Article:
Jette Kernion's blog

Paramount Summer Film Series Kicks Off Tonight


CasablancaThe Paramount's Summer Film Series begins tonight with, as is traditional at the Paramount, Casablanca. This year, the film is paired with Key Largo for a Bogie double-feature.

The summer film series' schedule runs through early September, with the usual Gone with the Wind on Labor Day weekend and Lawrence of Arabia the weekend after. Other perennial faves include Breakfast at Tiffany's (how all of you can get past that awful Mickey Rooney character is beyond me, but I know tons of people adore this film); 2001: A Space Odyssey, because it looks so cool on a big screen; and the 70mm visual extravaganza Baraka. Many of the films are paired with Warner Brothers cartoons this year, which I usually enjoy (and prefer to the live-action serials Paramount has sometimes included in the past).

The schedule has few surprises, but that's what the Paramount's summer films are all about. For cultural diversity, you go to Austin Film Society screenings. For edgy culty programming, you go to Alamo Drafthouse. If you want to see a beloved Hollywood film with an audience that loves that film as much as you do, you go to the Paramount.

Quick Snaps: Iron Man Flies at Alamo South


On Monday night, I headed over to Alamo on South Lamar for a sneak preview screening of Iron Man. (Thanks to Blake for letting me be his plus-one for the evening.) You know how it is at Alamo; they can't just show a movie and be done with it, there has to be a little something extra. The lagniappe for Iron Man was a guy in a jet pack dressed as Iron Man who soared above the crowds before we went into the theater for the movie. In addition, Alamo founder Tim League donned his own Iron Man costume and hosted a costume/trivia contest.

The above photo was taken by Mary Sledd [update: apparently Marc Savlov took it using Mary's extra camera ... sorry about that], and is part of an Alamo Drafthouse Flickr set from the event. Check out the whole set for some great photos by Mary and others. (I'm actually in the lower-left corner of this one, although it's not terribly flattering.)

If that's not enough excitement, Alamo Drafthouse videotaped the jet-pack flight for your viewing pleasure. At least if you're watching the video you won't need earplugs like we did at the actual event.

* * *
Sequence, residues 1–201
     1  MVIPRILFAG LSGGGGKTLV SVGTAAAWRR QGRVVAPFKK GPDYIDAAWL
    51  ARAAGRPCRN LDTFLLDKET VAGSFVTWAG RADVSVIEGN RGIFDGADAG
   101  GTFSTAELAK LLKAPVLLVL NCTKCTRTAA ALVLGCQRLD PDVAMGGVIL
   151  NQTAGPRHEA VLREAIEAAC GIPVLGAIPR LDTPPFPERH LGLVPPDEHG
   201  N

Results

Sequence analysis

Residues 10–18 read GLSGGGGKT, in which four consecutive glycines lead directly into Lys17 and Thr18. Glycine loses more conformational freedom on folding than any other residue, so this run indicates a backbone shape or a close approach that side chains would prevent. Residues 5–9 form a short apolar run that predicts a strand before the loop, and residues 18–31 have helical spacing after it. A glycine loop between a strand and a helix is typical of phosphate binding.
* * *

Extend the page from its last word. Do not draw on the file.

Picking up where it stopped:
You'd think the movie would be anticlimactic after the live jet pack flight, but I enjoyed Iron Man very much and would certainly recommend seeing it. However, don't do what I did and leave before the credits are over -- apparently there's an amusing post-credits tease that I'm sorry I missed. On the bright side, that'll give me an excuse to see the movie again.

Movies Next Week: Thank You, Matt


Matt Dentler just listed a bunch of cool film events (and concerts too) for the week of April 28 through May 5. Fabulous, and less work for me. Thanks, Matt! Wish you didn't have to go in June ...

Movies This Week and Other Austin Film News


Let's see what's going on in Austin theaters in the next week.

  • I've reviewed two movies opening locally this weekend, over at the recently revived Celluloid Eyes: Forgetting Sarah Marshall and Young@Heart. Neither movie especially grabbed me, but would be fine for one of those weekend afternoons when you just want to go to a theater and see something mildly entertaining, and have no expectations.
  • Movies currently playing that I haven't yet seen, but might like to watch, in order of preference (this is mostly meant as a handy checklist for my husband and I to use for one of those weekend afternoons etc.): The Counterfeiters, Where in the World is Osama Bin Laden? (which we ended up seeing today), Penelope (still at Cinemark in Round Rock!), The Unforeseen, In Bruges, Leatherheads, Run Fatboy Run, and maybe Zombie Strippers if we were in that kind of mood.
  • Cine Las Americas started earlier this week, and the festival runs through April 24 at assorted venues.
  • You can see Shine a Light, Martin Scorsese's documentary about the Rolling Stones, all week long at the IMAX theater.

See you next Wednesday


Where I am this week: Moving Image Institute in Film Criticism and Feature Writing, in New York. No bluebonnets, but lots of bagels. I'll be back next week (really Tuesday night, not Wednesday, but I couldn't resist the stupid film joke). In the meantime, visit some of these fabulous sites for your Austin film news.

SXSW 2008: Texas Film Hall of Fame Awards